My research is guided by my passion to see multi-robot systems function in the real world. In pursuit of this goal, I have focused on solving practical, fundamental challenges at the intersection of robotics and wireless systems using search based planning, optimization and machine learning.

While there exists a considerable body of literature on multi-robot systems, it remains a daunting task to field a team of robots outside of structured lab environments with fixed infrastructure. For those that have tried, one of the first assumptions to break is the availability of communication, a fundamental requirement for any team that seeks to coordinate their actions when accomplishing a shared objective. My recent work has focused on enabling such multi-robot systems by using mobile robots as robust, adaptive wireless infrastructure to meet communication demands.

Previously, I worked on multi-robot exploration using information theory where I experienced the challenges of multi-robot systems in the wild first hand.

For a full list of my publications visit my Google Scholar page.

Select Projects

Learning Connectivity-Maximizing Network Configurations

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Preserving or maximizing the algebraic-connectivity of a state-dependent communication graph has been the most popular method for ensuring robot teams remain in proximity to one another and, by proxy, able to communicate. While many approaches have been developed to solve this problem, we still lack a solution that scales favorabily with the size of the team: centralized optimization approaches become computationally expensive for more than a few agents and distributed algorithms suffer from slow convergence compared to the dynamics of the team. In this work, we propose a data-driven approach based on convolutional neural networks that leverages the speed of inference to produce connectivity-maximizing network configurations orders of magnitude faster than existing methods.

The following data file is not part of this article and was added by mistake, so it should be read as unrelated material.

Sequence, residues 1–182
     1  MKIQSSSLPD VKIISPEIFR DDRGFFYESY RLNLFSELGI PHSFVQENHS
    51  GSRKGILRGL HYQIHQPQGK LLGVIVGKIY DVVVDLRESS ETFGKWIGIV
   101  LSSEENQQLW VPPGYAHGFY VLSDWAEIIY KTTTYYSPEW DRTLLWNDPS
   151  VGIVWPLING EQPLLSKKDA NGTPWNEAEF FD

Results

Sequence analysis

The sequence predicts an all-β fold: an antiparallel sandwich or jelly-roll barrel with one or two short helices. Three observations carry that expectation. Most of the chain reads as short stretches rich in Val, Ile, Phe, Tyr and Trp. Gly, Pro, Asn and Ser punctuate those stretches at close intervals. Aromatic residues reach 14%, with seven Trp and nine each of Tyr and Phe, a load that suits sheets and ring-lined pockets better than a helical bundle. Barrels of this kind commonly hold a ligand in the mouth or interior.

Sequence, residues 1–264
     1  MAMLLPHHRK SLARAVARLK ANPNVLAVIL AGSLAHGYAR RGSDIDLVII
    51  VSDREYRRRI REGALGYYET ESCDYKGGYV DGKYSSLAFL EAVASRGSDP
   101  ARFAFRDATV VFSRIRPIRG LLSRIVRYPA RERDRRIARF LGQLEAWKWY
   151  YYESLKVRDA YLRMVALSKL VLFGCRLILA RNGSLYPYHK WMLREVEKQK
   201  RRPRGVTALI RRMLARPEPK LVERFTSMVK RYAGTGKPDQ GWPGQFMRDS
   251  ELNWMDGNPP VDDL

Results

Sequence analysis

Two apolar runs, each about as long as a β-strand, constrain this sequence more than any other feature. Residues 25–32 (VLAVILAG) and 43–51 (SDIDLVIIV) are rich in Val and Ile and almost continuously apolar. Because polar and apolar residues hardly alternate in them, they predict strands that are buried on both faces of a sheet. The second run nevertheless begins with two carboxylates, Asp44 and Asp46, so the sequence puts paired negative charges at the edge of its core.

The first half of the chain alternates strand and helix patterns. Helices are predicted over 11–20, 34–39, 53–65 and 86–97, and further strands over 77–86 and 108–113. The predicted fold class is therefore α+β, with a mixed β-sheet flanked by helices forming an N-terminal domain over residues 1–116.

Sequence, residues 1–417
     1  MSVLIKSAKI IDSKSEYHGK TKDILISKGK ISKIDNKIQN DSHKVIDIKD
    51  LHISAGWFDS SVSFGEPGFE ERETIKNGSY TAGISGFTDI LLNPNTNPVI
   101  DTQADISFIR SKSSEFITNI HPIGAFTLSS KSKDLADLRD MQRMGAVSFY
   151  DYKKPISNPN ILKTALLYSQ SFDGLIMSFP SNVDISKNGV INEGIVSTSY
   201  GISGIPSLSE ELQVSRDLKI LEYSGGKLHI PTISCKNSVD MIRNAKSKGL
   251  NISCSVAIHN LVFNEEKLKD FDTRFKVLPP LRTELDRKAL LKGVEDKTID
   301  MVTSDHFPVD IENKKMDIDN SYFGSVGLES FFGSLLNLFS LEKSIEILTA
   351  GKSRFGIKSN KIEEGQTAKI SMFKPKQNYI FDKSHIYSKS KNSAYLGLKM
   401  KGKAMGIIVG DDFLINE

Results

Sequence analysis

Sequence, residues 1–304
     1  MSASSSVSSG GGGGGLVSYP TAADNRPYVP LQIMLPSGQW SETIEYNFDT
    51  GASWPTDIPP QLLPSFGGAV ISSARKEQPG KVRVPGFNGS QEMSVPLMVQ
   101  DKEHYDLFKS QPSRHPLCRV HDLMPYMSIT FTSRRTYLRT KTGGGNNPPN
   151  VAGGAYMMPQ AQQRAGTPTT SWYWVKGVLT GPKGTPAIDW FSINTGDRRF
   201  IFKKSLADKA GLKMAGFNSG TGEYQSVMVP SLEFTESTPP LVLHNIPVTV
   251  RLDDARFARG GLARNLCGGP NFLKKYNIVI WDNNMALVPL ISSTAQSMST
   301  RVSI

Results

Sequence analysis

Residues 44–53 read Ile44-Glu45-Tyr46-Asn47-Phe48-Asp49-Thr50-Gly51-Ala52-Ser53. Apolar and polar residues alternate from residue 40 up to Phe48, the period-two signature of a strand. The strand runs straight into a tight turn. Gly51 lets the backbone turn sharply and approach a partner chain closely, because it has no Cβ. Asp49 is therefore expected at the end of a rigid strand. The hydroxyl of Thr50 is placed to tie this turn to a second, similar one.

Daniel Mox, Vijay Kumar, Alejandro Ribeiro, "Learning Connectivity-Maximizing Network Configurations," IEEE Robotics and Automation Letters, vol. 7, no. 2, pp. 5552-5559, April 2022 paper, recorded presentation

Mobile Wireless Infrastructure on Demand

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In this work, we introduce the problem of Mobile Wireless Infrastructure on Demand, where robots acting as wireless routers dynamically position themselves to create and sustain a wireless network that serves the communication requirements of a set of mobile client nodes. We develop a sample based planner that adjusts the position of the network robots in order to increase the performance of an underlying robust packet routing algorithm, which offers probabilistic guarantees on the availability of network resources. We demonstrate our system in Gazebo simulations and through experiments with a team of quadrotors, where we implement our motion planning approach in C++ with ROS and integrate our communication strategy with the native Linux 802.11 networking stack.


Daniel Mox, Miguel Calvo-Fullana, Mikhail Gerasimenko, Jonathan Fink, Vijay Kumar, Alejandro Ribeiro. "Mobile Wireless Network Infrastructure on Demand." International Conference on Robotics and Automation (ICRA) 2020. paper, recorded presentation

Simulating Communication in Robotics